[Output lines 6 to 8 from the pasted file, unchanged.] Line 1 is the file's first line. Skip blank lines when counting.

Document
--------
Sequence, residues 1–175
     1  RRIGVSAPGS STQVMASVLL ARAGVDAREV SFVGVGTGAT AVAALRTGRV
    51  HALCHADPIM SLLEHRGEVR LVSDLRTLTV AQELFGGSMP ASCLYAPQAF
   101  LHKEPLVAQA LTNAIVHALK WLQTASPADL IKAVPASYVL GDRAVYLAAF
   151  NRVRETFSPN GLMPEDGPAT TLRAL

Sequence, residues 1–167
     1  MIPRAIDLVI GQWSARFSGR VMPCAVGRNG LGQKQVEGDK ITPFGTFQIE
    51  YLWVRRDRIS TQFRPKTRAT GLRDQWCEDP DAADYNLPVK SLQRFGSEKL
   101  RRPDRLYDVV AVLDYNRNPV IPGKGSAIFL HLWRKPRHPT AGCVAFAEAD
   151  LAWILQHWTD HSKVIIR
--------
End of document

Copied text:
Sequence, residues 1–167
     1  MIPRAIDLVI GQWSARFSGR VMPCAVGRNG LGQKQVEGDK ITPFGTFQIE
    51  YLWVRRDRIS TQFRPKTRAT GLRDQWCEDP DAADYNLPVK SLQRFGSEKL